If you have registered to vote, then you have the RIGHT to vote. There are several mechanisms available in Massachusetts, and everyone has the right to use whichever mechanism they choose.
- In Person on Election Day
- In Person – Early Voting
- Vote by Mail – Including Accessible Electronic Remote Vote by Mail
- Absentee Ballot
You may vote in person, at the polls, on election day. The polls are required to be accessible, and to provide accommodations if requested. And finally, absentee ballots can be filled out ahead of time, at your home, and mailed or brought to your town clerk.
The state website has extensive information on voting at www.sec.state.ma.us. If you have a problem at the polls, call the State Voter Information Line at 1-800-462-VOTE(8683).
- My Voter Registration Status – Enter your name, date of birth and zip and this page will return your registration status.
- Where Do I Vote? will give you the address of your polling location, as well as all of your elected state officials. This page is useful for determining who are your state representative and senator. Shortly before an election, you can see your (unofficial) ballot choices.
- ID Requirements has complete information on who needs to bring what identification to the polls. While most voters in MA are not asked for an ID, you may be asked for identification especially your first time voting in a federal election.
- Massachusetts Voters’ Bill of Rights – Your voting rights are protected. These rights are guaranteed to qualified registered voters.
- Note: Individuals who are under a guardianship may register to vote and vote unless their guardianship specifically prohibits it.
Getting Help with Voting
Anyone helping you vote must respect your choices and cannot assume he or she knows who you want to vote for.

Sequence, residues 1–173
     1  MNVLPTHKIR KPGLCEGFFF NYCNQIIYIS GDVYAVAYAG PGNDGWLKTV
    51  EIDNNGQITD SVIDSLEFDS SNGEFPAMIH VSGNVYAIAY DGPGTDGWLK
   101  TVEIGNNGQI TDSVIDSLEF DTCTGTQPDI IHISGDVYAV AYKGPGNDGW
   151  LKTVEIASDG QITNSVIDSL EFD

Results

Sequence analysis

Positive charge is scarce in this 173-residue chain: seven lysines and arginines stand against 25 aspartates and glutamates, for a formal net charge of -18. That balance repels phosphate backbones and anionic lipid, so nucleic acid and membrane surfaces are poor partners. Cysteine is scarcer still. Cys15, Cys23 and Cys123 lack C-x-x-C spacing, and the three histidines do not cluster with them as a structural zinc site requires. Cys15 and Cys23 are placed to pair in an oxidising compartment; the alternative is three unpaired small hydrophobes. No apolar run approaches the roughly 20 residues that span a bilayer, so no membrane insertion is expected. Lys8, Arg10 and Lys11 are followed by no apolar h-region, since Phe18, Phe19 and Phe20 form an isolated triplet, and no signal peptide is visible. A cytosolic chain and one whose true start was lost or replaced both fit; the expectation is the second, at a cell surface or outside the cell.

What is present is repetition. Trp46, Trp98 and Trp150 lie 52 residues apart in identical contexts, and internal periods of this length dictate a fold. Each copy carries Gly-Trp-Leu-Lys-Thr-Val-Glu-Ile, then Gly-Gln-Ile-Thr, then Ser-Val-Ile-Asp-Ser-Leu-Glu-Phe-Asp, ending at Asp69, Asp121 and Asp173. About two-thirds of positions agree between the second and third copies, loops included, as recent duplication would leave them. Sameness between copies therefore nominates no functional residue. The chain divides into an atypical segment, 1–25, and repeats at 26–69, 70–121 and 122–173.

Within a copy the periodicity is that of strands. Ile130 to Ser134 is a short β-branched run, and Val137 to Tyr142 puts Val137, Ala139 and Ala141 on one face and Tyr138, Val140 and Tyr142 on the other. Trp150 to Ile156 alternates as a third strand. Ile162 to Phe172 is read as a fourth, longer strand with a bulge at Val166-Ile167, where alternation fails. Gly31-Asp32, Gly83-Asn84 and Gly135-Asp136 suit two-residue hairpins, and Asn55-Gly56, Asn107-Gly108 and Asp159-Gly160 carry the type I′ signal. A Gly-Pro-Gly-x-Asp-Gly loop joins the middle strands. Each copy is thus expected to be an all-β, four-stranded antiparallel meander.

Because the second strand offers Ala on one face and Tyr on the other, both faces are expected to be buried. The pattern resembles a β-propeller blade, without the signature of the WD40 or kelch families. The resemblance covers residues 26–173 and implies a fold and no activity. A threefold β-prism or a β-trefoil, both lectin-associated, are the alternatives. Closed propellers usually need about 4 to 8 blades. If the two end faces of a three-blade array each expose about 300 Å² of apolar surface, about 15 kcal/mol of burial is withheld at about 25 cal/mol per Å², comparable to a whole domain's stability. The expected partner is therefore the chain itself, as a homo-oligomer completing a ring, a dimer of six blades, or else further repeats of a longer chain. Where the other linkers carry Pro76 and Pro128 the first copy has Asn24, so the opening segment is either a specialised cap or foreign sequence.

Your rights if someone is helping you to vote:
- The helper must respect your privacy at all times.
- If you have a hard time reading the ballot, you may
- ask for a voting machine that reads aloud the choices on the ballot
- ask a helper to read aloud all the names on the ballot.
- If you have a hard time marking the ballot by yourself, you can tell the helper which person you want to vote for.
If you need help voting because of a disability, you have the right to get help from almost any person you choose:
- a family member
- a friend
- a supporter
- a poll worker
The two kinds of people who cannot help you vote are:
- your boss or someone working for your boss
- if you belong to a labor union, an officer or agent of that labor union
What to expect from Officials when you Vote
- Election officials must help you vote if you ask for their help.
- They must ensure that you can use all of their voting booths, ballots or other voting forms, voting machines, and any other voting equipment.
- Service providers and election officials must make reasonable changes to their policies in order to help you vote.
- The National Voter Registration Act (NVRA) says that all disability service agencies are voter registration agencies.
- They must give you voter registration forms, if you ask for them.
- They must help you fill them out.
- They must send the form to the appropriate agency for processing.
REV UP is committed to ensuring that everyone who wants to vote has the opportunity. Polling places are required to be accessible. Please contact us at email@example.com if you have questions, are unsure of what to do, or need any help registering or voting.
If you have encountered accessibility issues in the past, or know of existing barriers for people with disabilities, please contact the state at 800-462-VOTE (8683) (toll free) or 617-727-2828. You may also e-mail them at firstname.lastname@example.org.
The Disability Law Center can also help – Please contact DLC at 800-872-9992 or 617-723-8455. Visit their website www.dlc-ma.org.